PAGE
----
Edward Seaga, a former Jamaican prime minister who shaped the island’s post-independence politics and cultural life, died Tuesday at 89.
Seaga’s death was announced on Twitter by Prime Minister Andrew Holness.
Seaga, Jamaica’s prime minister from 1980 until 1989, was the only remaining member of the generation of leaders who drafted the constitution when the Caribbean island gained independence from Britain in 1962.
His political career began in the late 1950s and he won a parliamentary seat in 1962. He was West Kingston’s representative for 40 consecutive years and held a parliamentary seat longer than anyone in Jamaica’s history.
Born May 28, 1930, in Massachusetts to Lebanese-Jamaican parents, Seaga renounced his U.S. citizenship at a young age to show his loyalty to Jamaica. He studied anthropology at Harvard University and published several papers on Afro-Jamaican folklore and Obeah, a religion combining Christian and African rituals.
Prior to entering politics, Seaga was a major record producer who operated the West Indies Record Ltd. distribution company and played a role in introducing ska to the world.
At 29, he was appointed to Jamaica’s upper legislative house by Labor Party founder and Jamaica’s first prime minister, Alexander Bustamante.
As opposition leader in the 1970s, Seaga railed against the socialist agenda of then-Prime Minister Michael Manley, saying it crippled the island’s fragile economy. When Seaga’s Labor Party ousted the incumbent Manley and the People’s National Party’s “democratic socialist” administration in 1980, Seaga described the landslide victory as a “declaration against communism in Jamaica.”
As Jamaica’s leader, Seaga instituted a pro-American, free-market economy, ushering in what many consider the island’s most prosperous era. He was U.S. President Ronald Reagan’s closest Caribbean ally and was able to boost a struggling economy that was hit hard by soaring inflation and widespread joblessness. But national debt soared.
The run-up to the 1980 elections that vaulted him to power was extraordinarily bloody. Clashes between rival partisans killed nearly 800 people. For some older Jamaicans, Seaga is forever linked with the state-sponsored political violence of the 1970s, when Jamaica’s two major political factions used gun-toting gangsters to sway voters.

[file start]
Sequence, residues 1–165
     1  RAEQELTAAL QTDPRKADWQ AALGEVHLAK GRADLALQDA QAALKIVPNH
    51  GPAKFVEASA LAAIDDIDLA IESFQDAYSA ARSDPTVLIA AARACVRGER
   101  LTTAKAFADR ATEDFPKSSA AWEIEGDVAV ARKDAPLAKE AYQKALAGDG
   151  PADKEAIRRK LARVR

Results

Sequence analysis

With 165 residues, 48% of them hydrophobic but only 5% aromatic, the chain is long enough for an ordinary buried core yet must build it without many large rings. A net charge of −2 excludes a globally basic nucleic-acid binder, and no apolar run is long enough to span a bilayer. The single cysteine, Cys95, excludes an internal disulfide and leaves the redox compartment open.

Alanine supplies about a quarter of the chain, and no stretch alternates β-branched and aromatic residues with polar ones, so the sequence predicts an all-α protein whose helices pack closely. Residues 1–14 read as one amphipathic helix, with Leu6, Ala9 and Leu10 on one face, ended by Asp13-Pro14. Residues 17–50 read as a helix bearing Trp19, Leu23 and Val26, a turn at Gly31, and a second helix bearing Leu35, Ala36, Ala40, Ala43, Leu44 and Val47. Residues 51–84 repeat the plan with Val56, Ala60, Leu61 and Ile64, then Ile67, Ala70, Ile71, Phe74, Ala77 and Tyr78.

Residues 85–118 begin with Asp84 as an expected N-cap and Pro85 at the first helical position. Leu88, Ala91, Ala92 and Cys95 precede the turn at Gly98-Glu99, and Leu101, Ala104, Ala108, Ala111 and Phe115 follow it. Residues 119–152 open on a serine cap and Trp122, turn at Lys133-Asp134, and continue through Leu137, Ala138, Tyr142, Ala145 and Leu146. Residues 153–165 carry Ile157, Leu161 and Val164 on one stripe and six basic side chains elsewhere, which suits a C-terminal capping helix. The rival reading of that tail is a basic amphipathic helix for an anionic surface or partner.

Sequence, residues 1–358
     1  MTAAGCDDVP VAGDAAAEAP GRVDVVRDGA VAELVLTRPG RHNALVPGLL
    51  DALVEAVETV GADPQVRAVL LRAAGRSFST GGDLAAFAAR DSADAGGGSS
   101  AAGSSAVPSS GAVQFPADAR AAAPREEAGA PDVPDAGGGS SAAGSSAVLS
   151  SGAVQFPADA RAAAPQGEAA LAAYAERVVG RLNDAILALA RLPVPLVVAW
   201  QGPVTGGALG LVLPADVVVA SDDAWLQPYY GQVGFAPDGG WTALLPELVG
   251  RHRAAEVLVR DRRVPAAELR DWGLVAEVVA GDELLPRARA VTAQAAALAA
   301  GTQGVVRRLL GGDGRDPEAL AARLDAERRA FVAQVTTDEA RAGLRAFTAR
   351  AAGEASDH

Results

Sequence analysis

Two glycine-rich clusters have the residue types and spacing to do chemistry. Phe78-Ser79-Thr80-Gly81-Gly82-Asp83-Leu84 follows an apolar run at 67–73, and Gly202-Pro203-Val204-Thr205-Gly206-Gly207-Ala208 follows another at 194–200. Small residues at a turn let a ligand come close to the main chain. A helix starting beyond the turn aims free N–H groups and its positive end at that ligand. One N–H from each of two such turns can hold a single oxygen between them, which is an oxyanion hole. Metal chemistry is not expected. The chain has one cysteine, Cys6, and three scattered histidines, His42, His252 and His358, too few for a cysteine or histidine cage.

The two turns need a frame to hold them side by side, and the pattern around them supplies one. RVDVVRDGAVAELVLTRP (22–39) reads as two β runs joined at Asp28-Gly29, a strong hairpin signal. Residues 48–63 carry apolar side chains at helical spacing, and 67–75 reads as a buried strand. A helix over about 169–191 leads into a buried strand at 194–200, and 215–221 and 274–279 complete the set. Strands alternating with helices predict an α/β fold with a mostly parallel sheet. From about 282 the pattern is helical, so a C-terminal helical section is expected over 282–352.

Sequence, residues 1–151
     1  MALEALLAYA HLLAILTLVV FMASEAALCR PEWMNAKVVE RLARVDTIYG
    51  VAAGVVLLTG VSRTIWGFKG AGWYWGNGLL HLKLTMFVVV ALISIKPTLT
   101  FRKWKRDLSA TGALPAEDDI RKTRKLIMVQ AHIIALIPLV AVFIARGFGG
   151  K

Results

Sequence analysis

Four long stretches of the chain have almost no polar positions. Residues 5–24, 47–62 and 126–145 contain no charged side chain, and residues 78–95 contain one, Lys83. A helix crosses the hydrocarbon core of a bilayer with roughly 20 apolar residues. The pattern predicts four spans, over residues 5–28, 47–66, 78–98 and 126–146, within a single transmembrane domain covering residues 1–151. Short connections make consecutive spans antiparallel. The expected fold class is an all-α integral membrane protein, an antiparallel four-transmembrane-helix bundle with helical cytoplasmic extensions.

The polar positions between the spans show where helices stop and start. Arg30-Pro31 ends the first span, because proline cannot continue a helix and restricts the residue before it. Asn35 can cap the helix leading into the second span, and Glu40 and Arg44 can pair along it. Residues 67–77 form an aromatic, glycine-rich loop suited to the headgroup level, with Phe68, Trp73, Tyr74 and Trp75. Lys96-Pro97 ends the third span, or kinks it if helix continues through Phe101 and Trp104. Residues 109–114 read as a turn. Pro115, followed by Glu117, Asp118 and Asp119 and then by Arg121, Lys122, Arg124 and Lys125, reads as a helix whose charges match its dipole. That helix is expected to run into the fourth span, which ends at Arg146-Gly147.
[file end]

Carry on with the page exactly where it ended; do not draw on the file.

In the 1960s, Seaga gained fame for bulldozing an infamous slum and building Tivoli Gardens, the island’s first public housing project, which he filled with supporters of the Labor Party. The politicized complex became a hotbed of what Jamaica calls “garrison politics,” where vote-rich slums become permanent power bases for one party.
“Mr. Seaga can be blamed for starting garrison politics but not for the genesis of political violence,” said Christopher Charles, a senior lecturer in political psychology at Jamaica’s University of the West Indies.
Following a deadly 1978 military ambush of gang members allied to Seaga’s Labor Party, Jamaica’s leading reggae musicians took the stage at a Kingston concert to support peace. The concert’s highlight was a moment that has become immortalized in Jamaican consciousness: Reggae icon Bob Marley made Seaga and Manley clasp hands over his head and promise an end to the violence. It didn’t work; things only got bloodier.
In 1989, Seaga’s party lost the general election to Manley after he transformed into a centrist. But Seaga remained Labor’s leader for many years afterward and he built national institutions such as the annual festival celebrations, the Jamaica Cultural Development Commission and the HEART National Training Agency, among other institutions.
Holness, the current prime minister from the Labor Party, is a Seaga protégé. First elected to Parliament in 1997 at the age of 25, he was a special assistant to Seaga, who was chief of the Labor Party until Bruce Golding took over in 2005.
When he resigned from the party, he became a senior research fellow at the University of the West Indies.
Seaga was married from 1965 to 1996 to the former Marie Constantine, who had been Miss Jamaica 1964. They had three children together — Anabella, Andrew and Christopher — before divorcing. He remarried in 1997 to Carla Vendryes, 30 years younger. The couple had a daughter, Gabrielle, in 2002, when he was 72.
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